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It is my thought that some may misunderstand the reason(s) for using a flow bench.

 

The major reason was carburetor design, although racing teams may also use them to test modifications (again, design).

 

The carburetor companies, designing carburetors, were interested in very precise measurements of A/F ratios at specific values of vacuum. A secondary function was the CFM available at different values of vacuum, although many look only at WOT CFM. However, CFM figures, at best, are ambiguous. Anyone that believes a carburetor rated 500 CFM will actually flow 500 CFM still believes in the tooth fairy! The engineers did NOT do thousands of tests to determine an exact venturi size and associated air horn and throttle sizes to obtain an exact CFM figure; rather they used standard diameters, measured the CFM, and submitted the results to marketing. Then marketing would assign a CFM value to the carburetor, depending on the needs of the company in the marketing line-up. For years, I have contended the world's foremost expert on CFM was Mark Twain ;) I am unaware of anyone making the statement before Mr. Twain, but he stated "figures don't lie, but liars figure!".

 

Anyone interested in CFM numbers might enjoy this section from my website: CFM ratings

 

What I know of SOME of the carburetor mass rebuilders is that they had very little interest in warranty/returns. They had agreements with their distributors that a certain percentage of sales were going to be returns, and the distributors "ate" those issues. The units were not returned to the company. Trying to "prove" each unit, would be expensive, raising their "rebuilt" prices above new prices.

 

Basically, the flow bench is more of a laboratory tool for design, than a practical service tool.

 

Jon.

Edited by carbking (see edit history)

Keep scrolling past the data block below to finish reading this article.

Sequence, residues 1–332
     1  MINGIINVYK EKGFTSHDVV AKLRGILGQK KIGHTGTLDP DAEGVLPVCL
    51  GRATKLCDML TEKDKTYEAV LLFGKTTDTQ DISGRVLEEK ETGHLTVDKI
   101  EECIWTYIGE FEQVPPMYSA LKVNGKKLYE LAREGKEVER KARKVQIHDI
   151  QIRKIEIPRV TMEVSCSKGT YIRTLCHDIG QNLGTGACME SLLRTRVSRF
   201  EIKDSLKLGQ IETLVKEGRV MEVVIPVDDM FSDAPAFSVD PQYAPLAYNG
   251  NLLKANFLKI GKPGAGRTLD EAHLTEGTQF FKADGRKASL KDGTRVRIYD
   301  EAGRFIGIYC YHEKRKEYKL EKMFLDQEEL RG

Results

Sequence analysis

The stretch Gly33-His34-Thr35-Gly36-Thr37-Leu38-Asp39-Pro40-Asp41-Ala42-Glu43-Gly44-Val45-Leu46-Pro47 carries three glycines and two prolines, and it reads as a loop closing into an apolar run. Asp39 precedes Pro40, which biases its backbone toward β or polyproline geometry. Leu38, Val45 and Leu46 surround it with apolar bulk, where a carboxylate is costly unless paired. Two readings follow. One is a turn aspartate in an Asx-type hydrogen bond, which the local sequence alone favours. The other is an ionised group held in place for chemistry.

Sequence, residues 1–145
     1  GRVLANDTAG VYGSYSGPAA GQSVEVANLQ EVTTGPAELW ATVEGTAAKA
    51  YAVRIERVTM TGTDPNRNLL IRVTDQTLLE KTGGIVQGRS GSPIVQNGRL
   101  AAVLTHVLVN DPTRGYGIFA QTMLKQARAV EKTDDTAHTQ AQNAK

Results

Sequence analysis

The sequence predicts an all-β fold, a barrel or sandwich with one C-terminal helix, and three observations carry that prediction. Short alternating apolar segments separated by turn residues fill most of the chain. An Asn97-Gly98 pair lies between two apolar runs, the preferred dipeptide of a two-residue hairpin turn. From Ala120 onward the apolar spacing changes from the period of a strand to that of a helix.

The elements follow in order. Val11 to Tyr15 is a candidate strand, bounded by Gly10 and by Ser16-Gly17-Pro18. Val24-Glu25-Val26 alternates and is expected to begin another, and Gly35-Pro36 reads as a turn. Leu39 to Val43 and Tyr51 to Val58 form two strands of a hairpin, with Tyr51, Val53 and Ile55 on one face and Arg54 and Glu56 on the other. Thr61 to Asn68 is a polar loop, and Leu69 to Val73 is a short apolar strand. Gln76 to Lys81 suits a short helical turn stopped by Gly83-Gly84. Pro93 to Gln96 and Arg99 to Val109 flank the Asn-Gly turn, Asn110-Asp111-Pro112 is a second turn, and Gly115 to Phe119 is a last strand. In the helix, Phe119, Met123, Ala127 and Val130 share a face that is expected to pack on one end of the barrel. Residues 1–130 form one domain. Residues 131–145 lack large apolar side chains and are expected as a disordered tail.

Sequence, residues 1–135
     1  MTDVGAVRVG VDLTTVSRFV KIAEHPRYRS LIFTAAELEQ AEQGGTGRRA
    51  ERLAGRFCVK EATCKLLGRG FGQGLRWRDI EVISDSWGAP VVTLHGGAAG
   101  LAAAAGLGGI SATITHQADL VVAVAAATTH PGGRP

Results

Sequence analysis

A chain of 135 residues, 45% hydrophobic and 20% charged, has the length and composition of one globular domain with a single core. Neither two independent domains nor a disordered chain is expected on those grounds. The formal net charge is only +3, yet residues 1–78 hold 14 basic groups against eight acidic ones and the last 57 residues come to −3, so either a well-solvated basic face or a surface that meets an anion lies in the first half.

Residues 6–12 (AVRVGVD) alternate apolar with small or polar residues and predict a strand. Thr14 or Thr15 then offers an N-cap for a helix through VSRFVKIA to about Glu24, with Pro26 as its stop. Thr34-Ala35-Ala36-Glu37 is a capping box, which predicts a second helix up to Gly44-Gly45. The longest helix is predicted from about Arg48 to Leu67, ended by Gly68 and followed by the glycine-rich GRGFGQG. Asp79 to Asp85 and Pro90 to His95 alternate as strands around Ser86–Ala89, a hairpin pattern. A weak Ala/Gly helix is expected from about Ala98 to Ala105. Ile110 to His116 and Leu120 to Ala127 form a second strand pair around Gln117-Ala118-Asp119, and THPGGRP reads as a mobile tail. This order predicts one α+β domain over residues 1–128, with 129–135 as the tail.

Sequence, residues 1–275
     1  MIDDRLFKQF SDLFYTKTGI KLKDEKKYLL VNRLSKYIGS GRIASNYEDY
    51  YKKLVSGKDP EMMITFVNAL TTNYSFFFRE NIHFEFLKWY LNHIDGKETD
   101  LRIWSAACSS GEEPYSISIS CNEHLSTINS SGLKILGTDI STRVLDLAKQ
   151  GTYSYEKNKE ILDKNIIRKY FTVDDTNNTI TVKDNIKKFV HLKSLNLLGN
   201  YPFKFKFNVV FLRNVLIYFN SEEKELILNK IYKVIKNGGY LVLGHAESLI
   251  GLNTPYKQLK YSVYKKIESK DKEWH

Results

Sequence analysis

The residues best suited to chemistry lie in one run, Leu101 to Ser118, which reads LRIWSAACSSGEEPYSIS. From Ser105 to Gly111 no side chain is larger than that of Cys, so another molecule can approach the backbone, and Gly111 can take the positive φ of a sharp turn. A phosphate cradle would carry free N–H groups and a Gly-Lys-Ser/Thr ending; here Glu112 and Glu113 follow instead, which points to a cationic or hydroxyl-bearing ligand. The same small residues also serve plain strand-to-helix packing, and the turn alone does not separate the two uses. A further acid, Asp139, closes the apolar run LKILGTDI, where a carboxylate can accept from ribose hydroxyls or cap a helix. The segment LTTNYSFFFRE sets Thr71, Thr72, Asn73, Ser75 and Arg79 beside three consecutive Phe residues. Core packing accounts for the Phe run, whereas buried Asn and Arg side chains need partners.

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17 minutes ago, carbking said:

What I know of SOME of the carburetor mass rebuilders is that they had very little interest in warranty/returns.

 

Sadly, this is true of rebuilders of many items. It all comes down to cost/benefit. So long as the cost of returns is lower than the cost of improved quality, that vendor will continue to build and sell crap. In many cases, even the higher cost of a "premium" part has nothing to do with increased quality of manufacture. The higher cost simply goes towards "insurance" against returns. I've seen this at NAPA, for example, where the higher price "premium" item is identical to the lower cost one. The price difference only covers the added costs of the three year warranty vs. the 90 day warranty.

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This is why it is ALWAYS better to rebuild/overhaul/adjust what you have rather than using exchange parts. Using exchange parts, best case, you wind up with someone else's problems. Worst case, you wind up with something that has been beat up or had unknown modifications done by the rebuilder to "prevent comebacks".

 

This last situation is extremely common with carburetors. It leaves the car owner in a really bad situation because he (or some previous owner) probably turned in the old one for a "core charge". He must then locate one that has not been through the "exchange" program, and rebuild it or have it rebuilt by someone competent. In some cases it can drag out for years.

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I learned to rebuild carburetors almost 50 years ago because my friends bought rebuilt ones from the parts store and over 50% were crap. Odds seemed in my favor to do my own! Worked out very well for me!😉

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9 hours ago, Frank DuVal said:

I learned to rebuild carburetors almost 50 years ago because my friends bought rebuilt ones from the parts store and over 50% were crap. Odds seemed in my favor to do my own! Worked out very well for me!😉

 

 

I agree.........off the shelf rebuilds are a total was of time. Only problem is, as more time goes by, there are fewer and fewer people left doing good work............I lost my carb rebuilding guy 20 years ago............so now I end up doing all of it, as I just don't know anyone who I trust to do it anymore.